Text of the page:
U.S. Embassy/Consulate Interviewing Tips


Please note that nearly all Career Training USA participants will be required to interview at the embassy/consulate. If you are required, please prepare for your interview using the following tips.

Ties to home country.

Consular officers assume that all non-immigrant visa applicants are intending to immigrate to the U.S. You are responsible for proving that you plan to return home after your program. You must prove you have compelling ties to your home country, such as family members who still live in your hometown, university classes to attend after your program, a job lined up after you return, bank statements showing financial assets in your home country, or anything else that indicates your clear intention to leave the U.S. at the end of your program. It is best if you bring supporting documentation such as a job offer letter, proof of student status, or documents for assets in your home country. Without this proof, it will be difficult to show you have ties to your country.

Interview alone.

Do not bring parents, family members, or friends with you to the interview. The consular officer wants to interview you, not your family or friends. If you are not willing to speak on your own behalf, you will not appear mature enough to participate in a cultural exchange program and you will be denied a visa.

Practice your English skills.

You will be interviewed in English, not in your native language. You should practice English daily, preferably with a fluent speaker, in preparation for your U.S. experience. This practice will also help you prepare for your interview.

Relax and answer questions directly.

Consular officers often feel pressure to conduct quick interviews because there are many people applying for visas. Then, they must decide whether or not to grant you a visa after speaking to you for only a few minutes. Remain calm and try not to be nervous. Listen to the question asked and respond accordingly. Do not prepare speeches for the interview, do not be afraid to speak English, and answer the consular officer’s questions as best you can.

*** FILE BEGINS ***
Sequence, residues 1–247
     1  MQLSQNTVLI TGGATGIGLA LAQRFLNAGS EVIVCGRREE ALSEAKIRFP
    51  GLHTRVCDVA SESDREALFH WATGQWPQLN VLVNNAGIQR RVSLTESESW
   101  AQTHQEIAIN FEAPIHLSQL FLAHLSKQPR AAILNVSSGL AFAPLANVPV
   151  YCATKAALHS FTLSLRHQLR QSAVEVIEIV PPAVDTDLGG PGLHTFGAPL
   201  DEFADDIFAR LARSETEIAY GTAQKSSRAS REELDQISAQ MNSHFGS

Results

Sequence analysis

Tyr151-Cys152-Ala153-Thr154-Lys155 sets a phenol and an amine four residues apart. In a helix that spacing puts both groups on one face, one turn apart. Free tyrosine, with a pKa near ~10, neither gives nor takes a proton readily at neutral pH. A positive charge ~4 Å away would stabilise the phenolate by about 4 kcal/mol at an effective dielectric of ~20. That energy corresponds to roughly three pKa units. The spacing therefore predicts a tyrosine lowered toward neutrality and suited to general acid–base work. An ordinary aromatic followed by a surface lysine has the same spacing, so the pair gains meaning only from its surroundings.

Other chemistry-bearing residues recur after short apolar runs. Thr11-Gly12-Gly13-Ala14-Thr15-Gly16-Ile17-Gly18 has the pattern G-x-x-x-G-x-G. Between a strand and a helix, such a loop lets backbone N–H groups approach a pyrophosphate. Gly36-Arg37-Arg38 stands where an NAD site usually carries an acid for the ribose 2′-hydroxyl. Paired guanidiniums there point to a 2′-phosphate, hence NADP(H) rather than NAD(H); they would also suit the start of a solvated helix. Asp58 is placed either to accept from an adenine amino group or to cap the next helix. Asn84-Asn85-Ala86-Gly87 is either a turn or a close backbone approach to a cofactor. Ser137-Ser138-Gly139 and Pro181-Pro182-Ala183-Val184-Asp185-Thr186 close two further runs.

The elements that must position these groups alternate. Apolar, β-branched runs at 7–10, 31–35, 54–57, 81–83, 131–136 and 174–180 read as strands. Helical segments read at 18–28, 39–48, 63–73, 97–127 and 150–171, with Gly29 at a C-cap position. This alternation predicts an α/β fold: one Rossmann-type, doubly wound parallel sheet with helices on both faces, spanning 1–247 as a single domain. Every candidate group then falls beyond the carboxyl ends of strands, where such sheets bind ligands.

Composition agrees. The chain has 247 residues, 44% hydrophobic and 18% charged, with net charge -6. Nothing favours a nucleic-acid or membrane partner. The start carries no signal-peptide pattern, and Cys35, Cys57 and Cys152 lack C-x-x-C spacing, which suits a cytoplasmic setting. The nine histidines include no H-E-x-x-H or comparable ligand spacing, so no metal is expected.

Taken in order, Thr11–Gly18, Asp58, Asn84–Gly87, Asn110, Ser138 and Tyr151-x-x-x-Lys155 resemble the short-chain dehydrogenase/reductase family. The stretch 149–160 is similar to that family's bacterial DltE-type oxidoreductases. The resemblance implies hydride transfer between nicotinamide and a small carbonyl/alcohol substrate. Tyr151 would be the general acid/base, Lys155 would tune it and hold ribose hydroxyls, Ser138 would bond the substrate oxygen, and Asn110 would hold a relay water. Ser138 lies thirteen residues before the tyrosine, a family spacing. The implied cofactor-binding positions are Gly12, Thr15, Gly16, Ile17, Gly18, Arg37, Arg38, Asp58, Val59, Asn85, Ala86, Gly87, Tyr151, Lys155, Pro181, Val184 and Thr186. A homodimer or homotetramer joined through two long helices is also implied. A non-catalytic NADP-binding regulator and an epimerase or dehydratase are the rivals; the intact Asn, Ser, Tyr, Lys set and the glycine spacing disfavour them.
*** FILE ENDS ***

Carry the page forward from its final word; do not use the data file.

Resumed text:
Know why you want a visa.

Be sure that you understand the purpose of the J-1 Intern/Trainee Visa. This is a cultural exchange program, not a work program or pathway to immigration. Know some details about the place you are going and where you plan to live. You should also be able to identify and explain your own personal reasons for this program to the consular officer.

Be polite and positive.

Do not argue with the consular officer. If you are denied a J-1 Visa, you should ask why, specifically, you were denied. Also, ask the consular officer for a list of documents he or she would suggest you bring if you re-apply or how you can improve your chances of receiving a visa in the future.

Next: Arriving in the USA »

U.S. Department of State-Designated J-1 Visa Sponsor
Alliance for International Exchange
Exclusive partner of the Erasmus Student Network for J-1 Visa sponsorship of internships in the U.S.
European-American Chamber of Commerce New York
Generation Study Abroad
Global Ties U.S.
International Au Pair Association
WYSE Travel Confederation